|Do you know where your variables are?|
Bug or WAD in lvalue substr? (again.)by BrowserUk (Pope)
|on May 27, 2008 at 13:05 UTC||Need Help??|
In the thread at Ways to delete start of string, one of the most notable things to come out of it in my eyes, is the large discrepancy in performance of substr used as an lvalue and the 4-arg substr variant. Using a modified form of the benchmarks presented there these are typical result sets:
Update: Replaced the timing with those from a better benchmark that isolates the code under test from the costs of allocating destructable test data. The effect is to highlight the inadaquacy of the earlier benchmark attempts, most notable by the fact that the reverse-chop-reverse method is now shown to be the slowest (as one would intuatively expect.
These changes do not affect the meat of this meditation, as the lvalue results are still far slower than the 4-arg results.
Whether my benchmark is any more or less accurate than others is irrelevant to this issue, as it is the consistent placing of lvalue-substr as slowest and 4-arg substr quickest, when what they are doing should be exactly the same. The results (with a minor discrepancy that I've raised as a bug in the past, but had dismissed), is the same:
The sharp-eyed among you will notice the effect of the 'bug' I mentioned above, in that the residual result of the two expressions (which ought to be the same), differ. With the 4-arg variant leaving behind that part of the string that has been extracted (replaced), which is consistent with the documentation: "Extracts a substring out of EXPR and returns it.". Whereas the lvalue variant returns '' (null string).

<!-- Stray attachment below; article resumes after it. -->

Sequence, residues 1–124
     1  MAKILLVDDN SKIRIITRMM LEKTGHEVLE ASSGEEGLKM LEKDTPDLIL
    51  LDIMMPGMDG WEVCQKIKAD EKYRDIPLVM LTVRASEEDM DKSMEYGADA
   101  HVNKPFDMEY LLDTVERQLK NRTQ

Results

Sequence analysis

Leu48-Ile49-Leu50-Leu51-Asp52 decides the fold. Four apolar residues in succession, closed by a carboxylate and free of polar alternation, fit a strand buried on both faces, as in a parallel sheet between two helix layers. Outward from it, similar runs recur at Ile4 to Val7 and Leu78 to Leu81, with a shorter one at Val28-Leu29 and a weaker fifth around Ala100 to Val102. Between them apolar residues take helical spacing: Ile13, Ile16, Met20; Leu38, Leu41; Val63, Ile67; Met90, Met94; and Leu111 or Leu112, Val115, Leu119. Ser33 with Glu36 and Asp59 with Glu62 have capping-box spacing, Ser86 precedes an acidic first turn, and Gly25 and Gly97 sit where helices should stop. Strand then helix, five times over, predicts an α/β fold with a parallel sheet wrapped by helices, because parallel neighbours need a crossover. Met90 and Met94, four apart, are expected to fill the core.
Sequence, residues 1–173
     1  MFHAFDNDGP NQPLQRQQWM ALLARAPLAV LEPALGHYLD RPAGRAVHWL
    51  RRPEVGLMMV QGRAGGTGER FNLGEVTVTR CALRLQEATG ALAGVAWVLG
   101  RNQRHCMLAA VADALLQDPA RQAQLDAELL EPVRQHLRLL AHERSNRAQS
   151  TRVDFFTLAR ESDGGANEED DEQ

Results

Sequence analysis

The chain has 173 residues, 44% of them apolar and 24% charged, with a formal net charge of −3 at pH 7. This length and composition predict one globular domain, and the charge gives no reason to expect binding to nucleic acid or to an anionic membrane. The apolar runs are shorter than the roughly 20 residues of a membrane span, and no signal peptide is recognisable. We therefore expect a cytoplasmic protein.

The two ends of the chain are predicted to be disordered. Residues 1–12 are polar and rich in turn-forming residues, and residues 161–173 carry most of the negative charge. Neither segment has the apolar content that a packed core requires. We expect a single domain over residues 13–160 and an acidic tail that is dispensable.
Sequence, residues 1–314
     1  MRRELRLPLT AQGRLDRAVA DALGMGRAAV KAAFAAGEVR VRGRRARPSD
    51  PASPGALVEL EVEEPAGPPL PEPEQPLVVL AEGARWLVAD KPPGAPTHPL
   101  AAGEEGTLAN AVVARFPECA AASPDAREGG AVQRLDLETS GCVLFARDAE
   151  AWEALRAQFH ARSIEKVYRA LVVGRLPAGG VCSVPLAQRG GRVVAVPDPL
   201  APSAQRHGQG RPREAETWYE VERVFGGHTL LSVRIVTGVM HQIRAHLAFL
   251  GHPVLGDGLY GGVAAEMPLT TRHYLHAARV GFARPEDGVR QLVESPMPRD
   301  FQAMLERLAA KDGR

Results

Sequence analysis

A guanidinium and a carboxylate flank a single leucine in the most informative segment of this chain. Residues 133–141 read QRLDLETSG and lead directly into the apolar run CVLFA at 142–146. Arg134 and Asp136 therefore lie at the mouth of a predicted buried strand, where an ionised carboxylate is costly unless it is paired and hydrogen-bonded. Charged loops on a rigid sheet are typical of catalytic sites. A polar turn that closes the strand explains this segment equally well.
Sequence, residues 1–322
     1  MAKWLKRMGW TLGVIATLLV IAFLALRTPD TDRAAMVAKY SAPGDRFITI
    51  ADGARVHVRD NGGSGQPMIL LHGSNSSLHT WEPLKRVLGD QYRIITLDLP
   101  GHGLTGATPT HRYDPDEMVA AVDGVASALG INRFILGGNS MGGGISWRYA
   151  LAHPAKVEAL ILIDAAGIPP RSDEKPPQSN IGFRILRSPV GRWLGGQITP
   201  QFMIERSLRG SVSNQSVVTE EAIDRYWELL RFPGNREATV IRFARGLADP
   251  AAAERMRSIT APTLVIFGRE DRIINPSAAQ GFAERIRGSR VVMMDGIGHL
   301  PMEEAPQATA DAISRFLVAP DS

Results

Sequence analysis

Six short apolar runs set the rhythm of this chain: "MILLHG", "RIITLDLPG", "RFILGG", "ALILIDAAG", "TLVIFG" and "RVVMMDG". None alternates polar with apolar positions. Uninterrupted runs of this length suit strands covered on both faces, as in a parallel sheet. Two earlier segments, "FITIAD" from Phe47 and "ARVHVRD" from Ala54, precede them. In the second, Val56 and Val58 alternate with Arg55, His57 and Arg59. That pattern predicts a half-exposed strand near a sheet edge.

But that aside, the resultant state of the affected variable ($x) is identical. I contend that the two forms should be syntactic variations only producing identical semantic results, with identical performance.
Update: The revised benchmark shows the next paragraph to be the result of a bad benchmarking. But the performance differential between lvalue-substr and 4-arg substr remains
I further contend that the performance differential between the two forms constitutes a bug!
I've taken a look inside the source code for pp_substr, but frankly, I do not understand the macro-machinations that go on in there.
Examine what is said, not who speaks -- Silence betokens consent -- Love the truth but pardon error.
"Science is about questioning the status quo. Questioning authority".
In the absence of evidence, opinion is indistinguishable from prejudice.